Marsha P. Johnson is considered the mother of the LGBTQ+ rights movement, yet she’s often entirely left out of the Pride movement narrative in media. For instance, the film Stonewall hones in on a fictional gay white male named Danny instead of the real trans women of color who kicked off the Stonewall riots in 1969. Netflix’s groundbreaking Original documentary, The Death and Life of Marsha P. Johnson, shines a light on two Pride movement matriarchs and trans women of color: Marsha P. Johnson and Sylvia Rivera.
The film follows trans activist Victoria Cruz and her work with the Anti-Violence Project to discover the truth about Johnson’s mysterious 1992 death that left the LGBTQ+ community with more questions than answers. Rather than having outsiders lead the documentary, the focus shines on Cruz — a trans woman who actually knew both Johnson and Rivera, having lived through the movement herself. In addition to covering Johnson and Rivera’s lives, Cruz sheds light on current trans hate crimes: like the 2013 murder of trans woman of color, Islan Nettles. Three years after her murder, community advocate Ted McGuire notes the lack of support outside of her killer’s court hearing. He tells Cruz that despite the trans community launching the gay rights movement, the LGBTQ+ community forgot about the "T" once the U.S. resolved gay marriage.
Sprinkled with powerful decades-old footage, The Death and Life of Marsha P. Johnson is the perfect meld of past and present — highlighting Johnson’s life while carrying on her life’s mission to fight for trans rights. The documentary expertly toggles between its status as an integral piece of LGBTQ+ history and a battle cry for viewers to help create change for the trans community.
In a nice change of pace, Other People depicts a gay lead in a movie that’s not about a character’s struggle to come out. Hollywood has developed the habit of primarily creating LGBTQ+ stories that revolve directly around a character’s queerness — usually honing in on a tragic coming-out narrative. Instead, Other People is a family drama that centers around David (Jesse Plemons from The Irishman), as he deals with his mother’s (Molly Shannon) cancer diagnosis and impending death.
Shannon brings brightness to her character despite the gloomy plot, making viewers fall in love with her character’s laughter and positivity that shines through even the tense moments. Yet she frequently punches through the comedy with some gut-wrenching moments of despair. Viewers will go through every emotion listed on their doctor’s feelings chart, but they’ll never be mad about it. However, cameos from comedic actors like Nicole Byers, Zach Woods, and Josie Totah parallel the darker themes with some of the absurdity that comes with people’s bizarre reactions to someone else’s bad news.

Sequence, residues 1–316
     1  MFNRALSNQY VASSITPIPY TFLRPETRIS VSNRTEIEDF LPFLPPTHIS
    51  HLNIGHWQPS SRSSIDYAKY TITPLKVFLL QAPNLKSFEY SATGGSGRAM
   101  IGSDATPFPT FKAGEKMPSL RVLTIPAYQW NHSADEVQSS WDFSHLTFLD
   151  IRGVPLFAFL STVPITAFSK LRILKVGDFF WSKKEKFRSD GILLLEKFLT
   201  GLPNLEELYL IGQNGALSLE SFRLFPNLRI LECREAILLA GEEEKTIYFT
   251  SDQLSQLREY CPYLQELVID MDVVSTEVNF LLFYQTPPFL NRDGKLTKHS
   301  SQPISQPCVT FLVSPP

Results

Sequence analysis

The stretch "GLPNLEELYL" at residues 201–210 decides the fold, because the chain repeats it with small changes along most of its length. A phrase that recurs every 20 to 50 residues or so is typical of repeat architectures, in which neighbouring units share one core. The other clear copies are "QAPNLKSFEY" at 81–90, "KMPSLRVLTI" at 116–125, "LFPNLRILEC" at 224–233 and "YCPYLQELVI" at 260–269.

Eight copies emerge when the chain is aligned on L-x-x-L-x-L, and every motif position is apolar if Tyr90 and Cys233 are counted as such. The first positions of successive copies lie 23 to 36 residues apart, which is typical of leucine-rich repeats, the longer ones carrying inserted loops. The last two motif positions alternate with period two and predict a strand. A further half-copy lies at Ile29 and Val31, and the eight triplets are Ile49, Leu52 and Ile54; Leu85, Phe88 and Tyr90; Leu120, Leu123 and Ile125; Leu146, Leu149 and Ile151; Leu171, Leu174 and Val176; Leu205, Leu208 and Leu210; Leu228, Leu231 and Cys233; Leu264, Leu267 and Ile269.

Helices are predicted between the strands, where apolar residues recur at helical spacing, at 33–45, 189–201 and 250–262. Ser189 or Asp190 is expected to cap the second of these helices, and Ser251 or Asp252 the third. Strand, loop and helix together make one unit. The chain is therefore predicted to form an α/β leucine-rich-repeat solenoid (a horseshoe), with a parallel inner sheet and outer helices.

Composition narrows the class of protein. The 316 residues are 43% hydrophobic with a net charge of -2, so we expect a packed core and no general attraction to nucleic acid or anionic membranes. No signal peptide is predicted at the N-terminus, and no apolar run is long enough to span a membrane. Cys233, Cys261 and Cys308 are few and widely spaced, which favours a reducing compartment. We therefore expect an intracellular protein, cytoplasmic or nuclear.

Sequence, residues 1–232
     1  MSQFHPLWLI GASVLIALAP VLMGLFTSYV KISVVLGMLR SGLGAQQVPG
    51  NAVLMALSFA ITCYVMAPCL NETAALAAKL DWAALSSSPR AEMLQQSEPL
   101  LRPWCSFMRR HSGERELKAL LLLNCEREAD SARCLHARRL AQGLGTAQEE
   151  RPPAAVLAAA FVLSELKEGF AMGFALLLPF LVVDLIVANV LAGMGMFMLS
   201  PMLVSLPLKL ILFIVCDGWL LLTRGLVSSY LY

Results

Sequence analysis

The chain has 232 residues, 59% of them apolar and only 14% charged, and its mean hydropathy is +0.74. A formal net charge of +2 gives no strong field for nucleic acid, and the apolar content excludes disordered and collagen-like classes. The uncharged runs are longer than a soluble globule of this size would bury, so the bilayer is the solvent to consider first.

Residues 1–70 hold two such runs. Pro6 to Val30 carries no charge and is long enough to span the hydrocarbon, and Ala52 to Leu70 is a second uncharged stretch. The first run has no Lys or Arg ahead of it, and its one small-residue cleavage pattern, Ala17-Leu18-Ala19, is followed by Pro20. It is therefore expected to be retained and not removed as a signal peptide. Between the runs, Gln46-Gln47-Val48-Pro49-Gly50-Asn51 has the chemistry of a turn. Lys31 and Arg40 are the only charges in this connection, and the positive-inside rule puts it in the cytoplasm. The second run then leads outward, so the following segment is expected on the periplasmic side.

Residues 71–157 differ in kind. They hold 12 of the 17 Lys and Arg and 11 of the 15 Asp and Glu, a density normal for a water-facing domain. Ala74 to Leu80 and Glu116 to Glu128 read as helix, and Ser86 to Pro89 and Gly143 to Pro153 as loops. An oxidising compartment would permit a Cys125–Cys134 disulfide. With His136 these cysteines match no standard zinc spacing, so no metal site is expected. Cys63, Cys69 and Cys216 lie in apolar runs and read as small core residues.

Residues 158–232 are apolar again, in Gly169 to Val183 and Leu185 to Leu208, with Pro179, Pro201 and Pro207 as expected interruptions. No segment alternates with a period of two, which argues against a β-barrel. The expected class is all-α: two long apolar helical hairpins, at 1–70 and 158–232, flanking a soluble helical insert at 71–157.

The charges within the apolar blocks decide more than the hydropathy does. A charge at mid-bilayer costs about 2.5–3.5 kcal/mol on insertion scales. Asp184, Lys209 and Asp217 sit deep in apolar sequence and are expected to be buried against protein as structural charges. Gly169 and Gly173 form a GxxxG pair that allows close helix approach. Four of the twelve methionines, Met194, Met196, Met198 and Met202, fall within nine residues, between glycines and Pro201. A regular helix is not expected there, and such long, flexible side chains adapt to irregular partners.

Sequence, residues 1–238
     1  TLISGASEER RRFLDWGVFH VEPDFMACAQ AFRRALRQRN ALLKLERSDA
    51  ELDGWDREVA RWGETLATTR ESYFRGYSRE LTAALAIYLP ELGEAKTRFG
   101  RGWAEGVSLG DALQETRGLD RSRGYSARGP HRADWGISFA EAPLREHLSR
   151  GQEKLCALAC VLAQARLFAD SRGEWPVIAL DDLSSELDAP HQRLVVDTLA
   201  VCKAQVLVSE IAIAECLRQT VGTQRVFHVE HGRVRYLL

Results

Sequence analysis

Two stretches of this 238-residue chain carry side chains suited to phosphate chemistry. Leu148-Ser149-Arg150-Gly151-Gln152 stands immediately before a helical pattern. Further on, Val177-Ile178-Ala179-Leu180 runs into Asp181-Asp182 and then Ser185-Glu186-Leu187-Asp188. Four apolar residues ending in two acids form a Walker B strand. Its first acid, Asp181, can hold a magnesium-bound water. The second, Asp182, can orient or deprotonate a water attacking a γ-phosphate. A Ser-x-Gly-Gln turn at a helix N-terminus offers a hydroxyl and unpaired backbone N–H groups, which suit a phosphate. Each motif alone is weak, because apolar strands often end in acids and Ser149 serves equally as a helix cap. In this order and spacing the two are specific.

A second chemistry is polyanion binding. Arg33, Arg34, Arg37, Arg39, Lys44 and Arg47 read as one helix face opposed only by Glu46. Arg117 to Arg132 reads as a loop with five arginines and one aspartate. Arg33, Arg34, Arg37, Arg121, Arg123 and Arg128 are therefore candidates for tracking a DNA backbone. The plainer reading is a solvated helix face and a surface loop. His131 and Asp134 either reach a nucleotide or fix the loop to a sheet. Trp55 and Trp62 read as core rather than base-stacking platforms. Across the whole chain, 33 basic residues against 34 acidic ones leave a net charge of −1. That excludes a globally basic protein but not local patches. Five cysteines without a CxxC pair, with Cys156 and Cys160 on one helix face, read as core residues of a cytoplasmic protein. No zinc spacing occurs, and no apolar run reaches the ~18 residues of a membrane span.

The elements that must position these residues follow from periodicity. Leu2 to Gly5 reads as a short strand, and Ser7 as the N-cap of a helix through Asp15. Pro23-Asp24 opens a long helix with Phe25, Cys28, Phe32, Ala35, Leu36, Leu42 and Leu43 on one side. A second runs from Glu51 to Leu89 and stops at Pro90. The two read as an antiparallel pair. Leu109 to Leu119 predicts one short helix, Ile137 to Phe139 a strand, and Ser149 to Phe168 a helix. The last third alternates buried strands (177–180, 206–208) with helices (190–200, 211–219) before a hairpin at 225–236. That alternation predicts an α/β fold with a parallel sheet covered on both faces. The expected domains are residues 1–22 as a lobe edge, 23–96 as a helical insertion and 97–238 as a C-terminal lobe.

Queer characters deserve a space in all genres, not just ones that center around their sexuality, and the Adam and Naomi Scott produced film makes a lot of headway to normalize LGBTQ+ characters in all kinds of movies. A side plot does delve into David’s father’s (Bradley Whitford) longstanding lack of acceptance since his son came out a decade ago. Still, David’s relationship with his mom and her struggles takes center stage rather than centering the story around his sexuality.
There have been a slew of coming-of-age LGBTQ+ films in the past few years, but none have zeroed in on the drag scene quite like Freak Show. Gay high schooler Billy Bloom’s world feels like it’s ending when he’s sent to his estranged father’s house after his mother’s alcoholism gets out of hand. He has to find a way to fit into a small-town ruled by small-minded bullies and their phobic mindsets — including his father. The film chronicles the outcast’s struggles as he wears dresses and wigs while shining a light on drag culture and embracing individuality and gender nonconformity.
To round out the unconventional with the conventional, Teen Wolf alum Ian Nelson expertly takes on the role of Mark "Flip" Kelly — the artistic jock with a softer side who needs a push to defy the expectations thrust on him. Of course, Billy helps Flip ditch the idea that he needs the world’s approval to be himself, but their friendship is not without its speedbumps.
Alex Lawther’s dynamite performance as Billy stands up even among an incredible cast, including Laverne Cox, Bett Midler (Hocus Pocus), and Larry Pine (House of Cards). But unlike many feel-good stories in the same category, Freak Show doesn’t shy away from depicting its leads as flawed and human. The main characters feature traits like selfishness, privilege, and occasionally resort to hurling hurtful insults out of anger. While Billy’s high school wardrobe may not be very realistic, the film doesn’t throw glitter on the characters to make them perfect. They throw glitter on them because everything should sparkle.